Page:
Hoping to boost morale, Rolling Meadows plans bigger July 4 fireworks show

  • After canceling last year's fireworks show because of the pandemic, Rolling Meadows will spend an extra $8,720 this year to put on a bigger show than most years.

    After canceling last year's fireworks show because of the pandemic, Rolling Meadows will spend an extra $8,720 this year to put on a bigger show than most years. Daily Herald File Photo

 
 
Updated 4/15/2021 4:24 PM

Rolling Meadows officials have promised a bigger, better July 4 fireworks show this summer, as the city hopes to emerge from the COVID-19 pandemic that forced the cancellation of last year's show and other community events.

The city council narrowly voted this week to allocate an $8,720 credit from last year to fund a larger $30,520 presentation, scheduled for 9:15 p.m. Sunday, July 4, behind the Community Center along Pheasant Drive.

 

The city generally budgets $22,000 for annual fireworks costs.

"I do know from the residents in Rolling Meadows that they very much appreciate our fireworks display," Mayor Joe Gallo said. "I know that people come from many communities over to watch Rolling Meadows' fireworks display. Considering the year we had this past year, considering the call for independence from COVID and making this a one-time nice Independence Day display, I think there's value in that."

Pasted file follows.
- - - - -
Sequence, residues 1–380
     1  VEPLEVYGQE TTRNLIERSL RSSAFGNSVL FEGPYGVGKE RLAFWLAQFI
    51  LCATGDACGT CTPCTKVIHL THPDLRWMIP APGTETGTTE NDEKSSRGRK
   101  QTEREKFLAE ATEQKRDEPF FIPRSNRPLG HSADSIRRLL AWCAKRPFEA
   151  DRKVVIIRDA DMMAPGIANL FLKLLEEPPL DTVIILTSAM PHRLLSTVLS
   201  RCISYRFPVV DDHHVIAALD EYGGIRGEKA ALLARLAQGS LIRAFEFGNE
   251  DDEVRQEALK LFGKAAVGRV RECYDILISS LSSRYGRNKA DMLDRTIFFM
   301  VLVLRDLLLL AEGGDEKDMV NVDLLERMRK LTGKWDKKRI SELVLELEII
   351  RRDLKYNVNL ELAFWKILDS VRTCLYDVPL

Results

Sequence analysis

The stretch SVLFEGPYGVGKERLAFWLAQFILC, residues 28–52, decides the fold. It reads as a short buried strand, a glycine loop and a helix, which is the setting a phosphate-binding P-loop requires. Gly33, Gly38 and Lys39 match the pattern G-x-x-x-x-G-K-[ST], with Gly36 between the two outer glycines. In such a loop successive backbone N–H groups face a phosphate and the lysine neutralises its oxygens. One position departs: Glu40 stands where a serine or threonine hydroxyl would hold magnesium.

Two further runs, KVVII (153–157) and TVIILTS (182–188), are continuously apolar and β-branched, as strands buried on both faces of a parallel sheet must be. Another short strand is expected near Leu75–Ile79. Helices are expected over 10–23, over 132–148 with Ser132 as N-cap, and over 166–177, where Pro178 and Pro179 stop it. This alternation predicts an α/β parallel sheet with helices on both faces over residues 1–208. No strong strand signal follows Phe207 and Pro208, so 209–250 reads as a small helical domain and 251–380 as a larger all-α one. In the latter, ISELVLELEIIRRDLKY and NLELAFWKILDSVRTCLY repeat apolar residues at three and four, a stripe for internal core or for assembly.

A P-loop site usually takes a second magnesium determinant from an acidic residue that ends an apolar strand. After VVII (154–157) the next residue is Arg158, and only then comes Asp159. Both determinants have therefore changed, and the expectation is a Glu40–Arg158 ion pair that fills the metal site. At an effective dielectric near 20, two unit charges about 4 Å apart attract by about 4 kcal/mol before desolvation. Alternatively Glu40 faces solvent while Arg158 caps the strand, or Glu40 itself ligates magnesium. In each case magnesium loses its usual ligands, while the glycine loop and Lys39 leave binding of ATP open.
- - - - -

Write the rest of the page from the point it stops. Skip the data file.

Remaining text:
Alderman Lara Sanoica proposed an amendment to the contract with Kingsbury, Indiana-based Mad Bomber Fireworks Productions to pay for a regular fireworks presentation, while allocating the money saved to COVID-19 assistance for businesses and residents, or other projects. Aldermen Karen McHale and Jenifer Vinezeano supported Sanoica.

"I am not in favor of spending more money," Vinezeano said. "I think residents are going to be ecstatic just to get out and have a celebration this year, whether it be an additional five minutes, and the fact that we're watching our tax dollars literally up in the sky."

While acknowledging financial concerns, Gallo and four others on the council favored staging the bigger show.

Alderman Nick Budmats said the council has to look at all expenditures with a closer eye, but $8,000 for a larger show is a small in comparison to the overall city budget.

Gallo agreed, and added that the fireworks display could help boost the morale of the community.

After Sanoica's amendment failed on a 4-3 vote, the council unanimously approved the contract for the bigger fireworks show.

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